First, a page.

It isn't. Too much hinges on the timing, the kind of question to be put and the electoral dynamics. The Chancellor's cabinet colleagues will surely reflect maturely before taking the unprecedented step of reaching out to the people, providing them with information and arguments and inviting their direct participation in their own government.
That would be a Tory revolution indeed. If they took that step, we hope Kenneth Clarke would be out there on the crease, not skulking behind the sight screens. His start to feel like the politics of petulance. If this is the best the pro-Europe and ostensibly pragmatic wing of the Tory party can do as the stakes for the party's future direction and Britain's future in Europe are raised, then it is a poor show.
Tory commentators have reacted to the Government's White Paper preparatory to the Inter-Governmental Conference with striking agreement and optimism. We are all Euro-sceptics now, they said, arguing there was enough in the document to keep the party together for a while longer. Kenneth Clarke himself has previously said all bets were off till that midnight hour in 1999 when existing obligations require a decision on joining a single currency.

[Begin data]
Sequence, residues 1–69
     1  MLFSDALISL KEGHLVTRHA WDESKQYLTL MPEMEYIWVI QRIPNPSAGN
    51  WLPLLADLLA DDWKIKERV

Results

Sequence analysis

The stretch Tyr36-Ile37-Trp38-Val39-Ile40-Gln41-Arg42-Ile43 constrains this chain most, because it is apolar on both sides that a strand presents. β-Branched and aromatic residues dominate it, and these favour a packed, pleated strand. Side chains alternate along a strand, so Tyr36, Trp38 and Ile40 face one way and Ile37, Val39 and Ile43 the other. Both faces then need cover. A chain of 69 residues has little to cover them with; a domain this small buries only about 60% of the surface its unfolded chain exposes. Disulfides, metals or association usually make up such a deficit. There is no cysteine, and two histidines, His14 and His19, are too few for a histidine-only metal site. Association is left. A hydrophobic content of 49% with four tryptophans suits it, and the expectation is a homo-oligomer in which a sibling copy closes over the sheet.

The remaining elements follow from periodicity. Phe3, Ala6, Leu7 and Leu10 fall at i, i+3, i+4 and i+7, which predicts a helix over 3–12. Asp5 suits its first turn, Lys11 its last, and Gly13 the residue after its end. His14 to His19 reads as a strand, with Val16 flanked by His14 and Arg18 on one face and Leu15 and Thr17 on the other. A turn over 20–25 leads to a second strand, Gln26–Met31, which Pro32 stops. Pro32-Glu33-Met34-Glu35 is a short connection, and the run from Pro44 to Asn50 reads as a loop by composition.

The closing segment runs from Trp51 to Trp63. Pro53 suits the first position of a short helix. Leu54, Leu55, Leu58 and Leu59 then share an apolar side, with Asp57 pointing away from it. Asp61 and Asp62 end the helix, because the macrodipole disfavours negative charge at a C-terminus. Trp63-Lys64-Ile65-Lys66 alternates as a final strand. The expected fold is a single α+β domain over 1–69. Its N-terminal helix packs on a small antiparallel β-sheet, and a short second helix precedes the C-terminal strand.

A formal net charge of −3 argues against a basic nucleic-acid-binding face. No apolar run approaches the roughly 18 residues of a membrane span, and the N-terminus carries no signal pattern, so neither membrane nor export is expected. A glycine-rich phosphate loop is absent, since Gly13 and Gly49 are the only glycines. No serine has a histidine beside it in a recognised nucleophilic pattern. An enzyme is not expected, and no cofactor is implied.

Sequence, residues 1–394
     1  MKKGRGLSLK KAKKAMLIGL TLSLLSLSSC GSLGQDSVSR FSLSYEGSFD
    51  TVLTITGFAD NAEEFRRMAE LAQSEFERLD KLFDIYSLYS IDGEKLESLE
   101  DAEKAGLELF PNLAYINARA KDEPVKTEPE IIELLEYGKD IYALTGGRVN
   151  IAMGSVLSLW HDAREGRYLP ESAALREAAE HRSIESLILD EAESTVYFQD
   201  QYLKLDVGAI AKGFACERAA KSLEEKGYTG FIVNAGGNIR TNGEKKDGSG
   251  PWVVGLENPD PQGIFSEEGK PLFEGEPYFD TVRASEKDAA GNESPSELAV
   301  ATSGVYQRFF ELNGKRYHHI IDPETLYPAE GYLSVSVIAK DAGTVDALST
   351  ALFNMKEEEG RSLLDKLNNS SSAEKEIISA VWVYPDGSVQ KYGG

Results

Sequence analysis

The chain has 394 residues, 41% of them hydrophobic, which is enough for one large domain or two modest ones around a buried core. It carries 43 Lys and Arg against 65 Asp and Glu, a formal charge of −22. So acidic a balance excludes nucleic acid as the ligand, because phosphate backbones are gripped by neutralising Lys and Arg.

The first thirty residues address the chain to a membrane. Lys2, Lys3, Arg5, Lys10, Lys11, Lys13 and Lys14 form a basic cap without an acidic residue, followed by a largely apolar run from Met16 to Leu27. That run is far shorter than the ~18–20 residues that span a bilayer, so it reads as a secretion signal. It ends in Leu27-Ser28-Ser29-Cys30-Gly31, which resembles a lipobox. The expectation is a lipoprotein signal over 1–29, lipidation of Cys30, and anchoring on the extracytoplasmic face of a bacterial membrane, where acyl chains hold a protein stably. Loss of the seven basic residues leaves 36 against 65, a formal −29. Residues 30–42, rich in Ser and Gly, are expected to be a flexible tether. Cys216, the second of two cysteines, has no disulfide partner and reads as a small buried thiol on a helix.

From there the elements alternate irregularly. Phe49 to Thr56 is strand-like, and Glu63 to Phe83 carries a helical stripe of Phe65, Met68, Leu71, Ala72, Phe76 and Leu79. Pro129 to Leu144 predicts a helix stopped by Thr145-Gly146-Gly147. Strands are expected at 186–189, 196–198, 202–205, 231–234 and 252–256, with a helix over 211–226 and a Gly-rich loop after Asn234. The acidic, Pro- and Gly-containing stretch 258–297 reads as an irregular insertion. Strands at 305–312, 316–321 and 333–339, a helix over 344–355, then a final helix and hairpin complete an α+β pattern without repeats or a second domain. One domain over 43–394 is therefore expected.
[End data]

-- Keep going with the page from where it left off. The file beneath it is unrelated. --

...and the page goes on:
By that stage, with Sir James Goldsmith still marauding about, we might well be wondering whether the unity of the Conservative Party was, any longer, in the national interest. It may be that too clearly pro- and anti-European parties would be more honest and open. Indeed, a referendum might yet be the mechanism through which that split occurs. But Mr Clarke, as the main standard-bearer of the Tory left in Britain - let's not forget Chris Patten prowling around his Hong Kong cage - needs to be in that debate passionately as a member of the Government, not petulantly on the sidelines.Reuse content